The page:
From viral hashtag to social movement, GSPM researchers track #MeToo

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Researchers from the Graduate School of Political Management’s PEORIA Project decided to release their findings on the #MeToo movement in tandem with the second Women’s March Jan. 20.

As a barrage of sexual misconduct allegations have emerged against powerful men over the last several months, political researchers have been chronicling how #MeToo transformed from a viral hashtag to a full-fledged social movement.

Researchers from the Graduate School of Political Management’s PEORIA Project – which tracks how the public reacts to political messages – have analyzed dozens of sexual harassment-related hashtags over the last four months, combing through millions of tweets dating back to 2010. Their findings, released last week, show that unlike most viral phenomena, #MeToo has become a lasting social movement akin to black lives matter and is likely to move from Twitter feeds to policy proposals on Capitol Hill.

“You can see the beginnings of a political movement.”

The PEORIA Project, which quantifies how voters react to political issues in mainstream and social media, has been following and will continue to follow the Twitter conversation related to sexual harassment – notably #MeToo – which Twitter users have posted to discuss their sexual harassment and assault experiences online.

Every week since October, #MeToo has generated between 38,000 and nearly 1 million related tweets in the U.S. alone, according to ECHO, the school’s weekly report on social media research.

Michael Cohen, the interim director of the political management program and chief data scientist of the PEORIA Project, said the research team started tracking #MeToo a week after accusations against Hollywood producer Harvey Weinstein surfaced in October. Their search then expanded from “Me Too” and #MeToo to include #TimesUp, #WorkPlaceHarassment and #NoMeansNo.

“Ever since the Weinstein thing broke it was pretty obvious that this would not only be big and important, but also something that we would want to track,” he said. “We are trying to understand not only the genesis of this, but also where it is and where it can go.”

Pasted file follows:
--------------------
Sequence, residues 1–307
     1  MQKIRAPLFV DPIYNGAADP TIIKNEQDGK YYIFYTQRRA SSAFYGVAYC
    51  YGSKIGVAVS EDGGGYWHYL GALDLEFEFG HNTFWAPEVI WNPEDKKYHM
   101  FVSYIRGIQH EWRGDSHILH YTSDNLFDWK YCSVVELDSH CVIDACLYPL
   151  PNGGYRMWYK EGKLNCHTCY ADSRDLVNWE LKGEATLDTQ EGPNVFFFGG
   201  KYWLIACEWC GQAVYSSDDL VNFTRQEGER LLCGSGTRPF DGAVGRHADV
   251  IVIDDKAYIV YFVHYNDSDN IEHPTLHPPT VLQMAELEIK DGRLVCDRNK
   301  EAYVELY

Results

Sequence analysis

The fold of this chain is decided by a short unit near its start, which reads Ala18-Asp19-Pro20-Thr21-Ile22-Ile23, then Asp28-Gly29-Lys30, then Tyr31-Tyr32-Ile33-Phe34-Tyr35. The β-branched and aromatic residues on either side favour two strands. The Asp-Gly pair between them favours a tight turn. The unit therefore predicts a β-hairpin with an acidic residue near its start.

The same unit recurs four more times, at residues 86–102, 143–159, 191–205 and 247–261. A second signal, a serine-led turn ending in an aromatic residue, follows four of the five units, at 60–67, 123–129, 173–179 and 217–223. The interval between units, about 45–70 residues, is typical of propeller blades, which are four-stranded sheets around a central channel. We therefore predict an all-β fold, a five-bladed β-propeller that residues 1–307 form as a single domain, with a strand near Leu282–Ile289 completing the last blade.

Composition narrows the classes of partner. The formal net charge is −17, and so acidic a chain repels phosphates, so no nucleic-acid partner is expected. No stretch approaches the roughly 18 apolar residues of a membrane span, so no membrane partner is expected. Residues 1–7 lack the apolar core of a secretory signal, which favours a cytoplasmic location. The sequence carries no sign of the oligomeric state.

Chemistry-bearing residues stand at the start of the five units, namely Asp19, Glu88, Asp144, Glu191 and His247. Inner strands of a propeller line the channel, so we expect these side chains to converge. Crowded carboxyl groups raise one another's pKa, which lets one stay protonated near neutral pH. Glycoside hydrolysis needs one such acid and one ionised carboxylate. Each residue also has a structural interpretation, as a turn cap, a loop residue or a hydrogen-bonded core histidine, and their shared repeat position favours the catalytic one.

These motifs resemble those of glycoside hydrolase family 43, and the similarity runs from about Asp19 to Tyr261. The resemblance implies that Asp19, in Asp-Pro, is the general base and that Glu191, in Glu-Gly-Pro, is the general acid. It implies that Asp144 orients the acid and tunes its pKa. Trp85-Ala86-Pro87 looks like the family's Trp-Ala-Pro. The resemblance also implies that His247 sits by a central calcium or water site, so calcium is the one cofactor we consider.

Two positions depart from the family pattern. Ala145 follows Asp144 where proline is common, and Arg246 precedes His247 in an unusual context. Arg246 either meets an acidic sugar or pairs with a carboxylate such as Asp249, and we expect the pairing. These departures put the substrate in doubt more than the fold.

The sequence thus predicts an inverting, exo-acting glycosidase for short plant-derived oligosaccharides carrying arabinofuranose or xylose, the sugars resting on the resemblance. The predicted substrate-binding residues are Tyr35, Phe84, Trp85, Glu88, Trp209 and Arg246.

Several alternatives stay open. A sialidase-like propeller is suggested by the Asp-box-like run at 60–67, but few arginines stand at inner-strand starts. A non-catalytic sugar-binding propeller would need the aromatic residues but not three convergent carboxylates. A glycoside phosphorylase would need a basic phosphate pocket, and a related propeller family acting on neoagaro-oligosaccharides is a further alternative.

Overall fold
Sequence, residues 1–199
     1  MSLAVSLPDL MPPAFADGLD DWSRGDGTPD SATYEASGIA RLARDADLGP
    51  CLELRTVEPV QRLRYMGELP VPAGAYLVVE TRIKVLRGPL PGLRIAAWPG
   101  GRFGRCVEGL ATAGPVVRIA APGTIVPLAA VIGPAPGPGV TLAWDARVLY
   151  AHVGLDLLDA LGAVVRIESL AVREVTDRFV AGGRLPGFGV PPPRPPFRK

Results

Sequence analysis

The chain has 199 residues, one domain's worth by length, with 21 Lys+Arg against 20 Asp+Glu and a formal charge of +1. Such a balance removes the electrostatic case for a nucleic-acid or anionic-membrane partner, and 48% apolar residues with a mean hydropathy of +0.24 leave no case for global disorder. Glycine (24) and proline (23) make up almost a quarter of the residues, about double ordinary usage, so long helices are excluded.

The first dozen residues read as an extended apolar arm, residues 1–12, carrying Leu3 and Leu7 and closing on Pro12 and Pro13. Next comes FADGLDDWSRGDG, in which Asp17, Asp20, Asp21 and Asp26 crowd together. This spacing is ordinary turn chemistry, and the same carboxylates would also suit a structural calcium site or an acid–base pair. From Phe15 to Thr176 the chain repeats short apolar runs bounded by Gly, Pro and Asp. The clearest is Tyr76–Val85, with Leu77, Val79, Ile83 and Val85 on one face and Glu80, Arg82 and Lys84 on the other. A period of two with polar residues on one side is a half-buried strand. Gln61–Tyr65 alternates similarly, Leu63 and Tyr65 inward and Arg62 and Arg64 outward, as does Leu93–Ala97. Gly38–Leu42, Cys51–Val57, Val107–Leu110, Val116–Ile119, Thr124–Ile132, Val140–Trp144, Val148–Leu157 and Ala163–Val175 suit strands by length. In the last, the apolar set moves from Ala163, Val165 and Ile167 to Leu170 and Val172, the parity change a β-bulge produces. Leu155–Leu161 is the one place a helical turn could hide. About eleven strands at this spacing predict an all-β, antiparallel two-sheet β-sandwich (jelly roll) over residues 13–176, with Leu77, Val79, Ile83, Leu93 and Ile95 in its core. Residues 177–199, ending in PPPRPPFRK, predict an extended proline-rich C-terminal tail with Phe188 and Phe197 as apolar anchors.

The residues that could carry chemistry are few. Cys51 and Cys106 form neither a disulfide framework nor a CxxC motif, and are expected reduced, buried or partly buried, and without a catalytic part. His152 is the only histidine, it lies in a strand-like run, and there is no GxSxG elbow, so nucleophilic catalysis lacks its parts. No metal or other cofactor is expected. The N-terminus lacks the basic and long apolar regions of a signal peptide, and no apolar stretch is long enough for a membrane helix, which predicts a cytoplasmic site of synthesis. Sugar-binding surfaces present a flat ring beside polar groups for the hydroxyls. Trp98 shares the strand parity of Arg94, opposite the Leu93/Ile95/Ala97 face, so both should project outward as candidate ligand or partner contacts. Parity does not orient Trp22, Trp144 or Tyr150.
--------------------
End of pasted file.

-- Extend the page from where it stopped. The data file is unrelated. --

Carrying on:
Cohen said the group’s research – led by himself and Michael Cornfield, a GSPM associate professor and the project’s research director – indicates a strong political component to the movement because the hashtag spikes in popularity around events like the Women’s March, held earlier this month. While the movement started in Hollywood, Congress has since come under fire for its handling of sexual harassment after several prominent representatives were accused of misconduct.

Cohen added that the social media movement could lead to congressional action and even a ranking system for political candidates based on their stances on #MeToo issues.

“It has not evolved to that point yet, but it is not out of the realm of possibility that it could happen this year,” he said. “You can see the beginnings of a political movement.”

Rachel Neurohr, the academic department administrator in GSPM who worked on tracing data trends for the project, said the record number of female candidates running for office in 2018 would be “doing themselves a disservice” not to incorporate the principles of the #MeToo movement in their platforms.

She said she hopes the movement will show “the impact that masculinity and power has had over women for decades.”

“We are getting the jump on something that could be a major shift in cultural consciousness in the United States and, hopefully, the wider world,” Neurohr said. “It lets people all across the country know how much their voice is heard and that a tweet can be more than just a tweet.”

Katherine Wynne, a GSPM recruitment and enrollment specialist and a member of the research team, said the #MeToo moment has already ensured consequences for many powerful men facing accusations and she hopes it will start to affect policies on gender inequality, gender roles and sexual violence.

“This issue is not news to college campuses,” she said. “But the idea that we are now seeing public figures face consequences for these sorts of behaviors is going to start setting more of a precedent for consequences.”

Crimson Hexagon, a Boston-based analytics company that tracks social media use, partnered with GSPM on the project using analytic tools to filter out any spam in the research results. The company has data on all of the billions of public conversations dating back to 2010 from social media platforms like Twitter, Instagram and Facebook.

“These powerful celebrity women who entered the conversation only after Weinstein was accused, their reach on social media was what propelled it.”

Michael Baker, the senior manager of global content strategy at Crimson Hexagon, said the team decided to release their findings in tandem with the second Women’s March Jan. 20.

Baker added that the research also examined why Weinstein – as opposed to comedian Bill Cosby or former Fox News host Bill O’Reilly, who faced similar allegations – was a catalyst for the movement. The answer, he said, was that many of Weinstein’s accusers, like actors Gwyneth Paltrow and Rose McGowan, were celebrities in their own right.

“There was something important about the celebrity nature and reach of the Weinstein accusers that really helped it stay a central conversation on Twitter for weeks and months afterwards,” he said. “These powerful celebrity women who entered the conversation only after Weinstein was accused, their reach on social media was what propelled it.”

Liz Konneker contributed reporting.

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